Another extremely important element has been development and maintenance of an electronic membership data base for individual board member activities. Securing the organization’s technology vulnerability, providing virtual options for all MABE activities, and implementing a new financial software system have been a part of my strategic “wish list.”

If you were to name the most valuable lesson you’ve learned while at MABE, what would that be?

MABE is a member-driven organization, which means that maintaining an awareness of member needs at the Association, local member board, and individual board member levels is vital. Because these needs change with circumstances, MABE staff and our Board of Directors must aspire to anticipate member needs for what we believe lies ahead, in addition to tackling challenges in the current environment.

Can you share your “inside perspective” on what makes MABE unique and valuable?

In my view, it’s largely the staff’s continuous efforts to anticipate member needs and respond as quickly and honestly as possible to member concerns and requests.

What would you say were the most challenging times at MABE over the years?

The pandemic, because it was not anticipated, it totally disrupted student learning (not to mention daily life for an extended period), and its duration was unpredictable. Plus, in addition to affecting the students so much, it also affected local boards, superintendents, school system staff, parents, and literally the entire community. It also led to fiscal uncertainty and related issues for many.

How might you have been influenced by MABE members through the years?

It has been reassuring and inspiring to observe how seriously school board members take their local school board responsibilities. In fact, many times a new school board member will remark that they had no idea of the depth and breadth of the governance responsibilities that local boards and individual members assume. We’ve been able to exchange important information and experiences with each other during both the most challenging times and everyday tasks, and this strength has not only influenced me but meant that I take away valuable learnings that will continue to help me in daily life. For this I am profoundly grateful!


Many people have commented that you’re bound to stay busy in retirement, and some have asked what you plan to focus on. Can you share any concrete plans?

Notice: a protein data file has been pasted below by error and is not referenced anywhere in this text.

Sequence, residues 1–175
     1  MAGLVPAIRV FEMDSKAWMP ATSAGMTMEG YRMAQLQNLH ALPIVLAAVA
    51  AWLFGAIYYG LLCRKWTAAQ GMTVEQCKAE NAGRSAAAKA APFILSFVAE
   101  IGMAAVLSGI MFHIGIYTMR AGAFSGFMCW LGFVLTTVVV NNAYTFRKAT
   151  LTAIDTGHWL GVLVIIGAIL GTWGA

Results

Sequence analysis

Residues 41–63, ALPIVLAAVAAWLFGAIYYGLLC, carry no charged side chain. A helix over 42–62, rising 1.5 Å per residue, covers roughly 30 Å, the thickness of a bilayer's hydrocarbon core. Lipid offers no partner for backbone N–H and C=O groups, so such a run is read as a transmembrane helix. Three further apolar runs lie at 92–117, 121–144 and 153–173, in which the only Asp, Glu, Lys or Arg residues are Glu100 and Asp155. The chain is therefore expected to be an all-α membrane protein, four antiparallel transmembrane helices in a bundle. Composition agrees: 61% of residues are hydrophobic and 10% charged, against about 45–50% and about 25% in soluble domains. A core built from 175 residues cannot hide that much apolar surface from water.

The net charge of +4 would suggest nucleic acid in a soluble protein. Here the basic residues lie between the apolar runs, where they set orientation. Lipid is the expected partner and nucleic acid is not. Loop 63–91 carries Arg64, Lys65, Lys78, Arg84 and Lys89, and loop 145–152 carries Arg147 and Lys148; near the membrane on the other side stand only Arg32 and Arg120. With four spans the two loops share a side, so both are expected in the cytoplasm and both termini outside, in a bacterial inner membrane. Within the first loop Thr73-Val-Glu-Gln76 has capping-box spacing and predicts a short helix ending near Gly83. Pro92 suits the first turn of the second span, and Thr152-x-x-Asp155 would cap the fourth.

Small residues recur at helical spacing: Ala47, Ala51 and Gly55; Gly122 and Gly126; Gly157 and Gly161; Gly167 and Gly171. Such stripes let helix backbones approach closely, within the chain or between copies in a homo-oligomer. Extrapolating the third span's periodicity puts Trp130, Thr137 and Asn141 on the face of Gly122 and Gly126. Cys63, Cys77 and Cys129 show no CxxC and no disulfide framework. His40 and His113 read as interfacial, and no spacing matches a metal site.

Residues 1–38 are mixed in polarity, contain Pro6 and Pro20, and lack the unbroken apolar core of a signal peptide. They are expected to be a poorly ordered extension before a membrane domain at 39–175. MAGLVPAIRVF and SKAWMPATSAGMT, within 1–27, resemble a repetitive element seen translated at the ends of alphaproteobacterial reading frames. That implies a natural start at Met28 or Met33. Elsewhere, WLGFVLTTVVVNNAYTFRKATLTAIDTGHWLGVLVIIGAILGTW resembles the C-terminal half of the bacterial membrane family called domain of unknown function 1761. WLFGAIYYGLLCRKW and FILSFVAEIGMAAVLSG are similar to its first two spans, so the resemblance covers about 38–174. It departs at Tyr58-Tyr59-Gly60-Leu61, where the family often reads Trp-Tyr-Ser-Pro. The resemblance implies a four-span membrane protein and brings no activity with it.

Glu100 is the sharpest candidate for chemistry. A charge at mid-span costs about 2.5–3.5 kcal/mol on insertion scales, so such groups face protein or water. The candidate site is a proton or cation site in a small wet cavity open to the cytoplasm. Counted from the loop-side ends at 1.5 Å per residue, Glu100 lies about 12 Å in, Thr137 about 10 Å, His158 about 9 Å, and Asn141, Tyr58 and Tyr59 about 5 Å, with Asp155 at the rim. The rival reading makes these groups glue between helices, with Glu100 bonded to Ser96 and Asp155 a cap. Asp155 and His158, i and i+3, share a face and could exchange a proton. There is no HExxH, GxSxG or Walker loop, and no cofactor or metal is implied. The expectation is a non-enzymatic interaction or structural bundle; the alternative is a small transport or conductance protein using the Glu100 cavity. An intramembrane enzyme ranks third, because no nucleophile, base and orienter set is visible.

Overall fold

I'll stay busy with several things! For starters, finalizing the sale of my home in University Park and finding a new home in the Annapolis area. Spending much more time with family and friends. Engaging in some consulting. Joining a book club, now that I have more time, and enhancing my exercise regimen which has not been the same since COVID. I may also do a little writing. 

Given your experiences over the past decade, what would you advise leadership at MABE – whether board members or staff – to focus on most in the coming few years?

For the Board, I’d say hire and support a highly competent, dedicated Executive Director for the organization, which the Board has done. Allow the Executive Director to run the Association day-to-day. In conjunction with the new Executive Director, the board should establish realistic goals. Provide regular feedback and consistent support.

For MABE’s Executive Director, I’d advise to support the Association’s highly competent staff and ensure they each have the proper tools and training needed to continue performing their jobs expertly and with tireless enthusiasm, as they have done during my tenure. Remain on “alert status” for member concerns and needs. Be available to members and staff. Embrace new ideas and innovations. Keep the board in the loop with new ideas. Bring the board with you as you forge ahead!

Thank you, Francie, for your dedication, commitment and unflagging support.

Best of luck to you in the many productive years to come!

Click here to reach Francie via email.

Visit Francie tribute photos here.

621 Ridgely Avenue
Suite 300
Annapolis, MD 21401

(410) 841-5414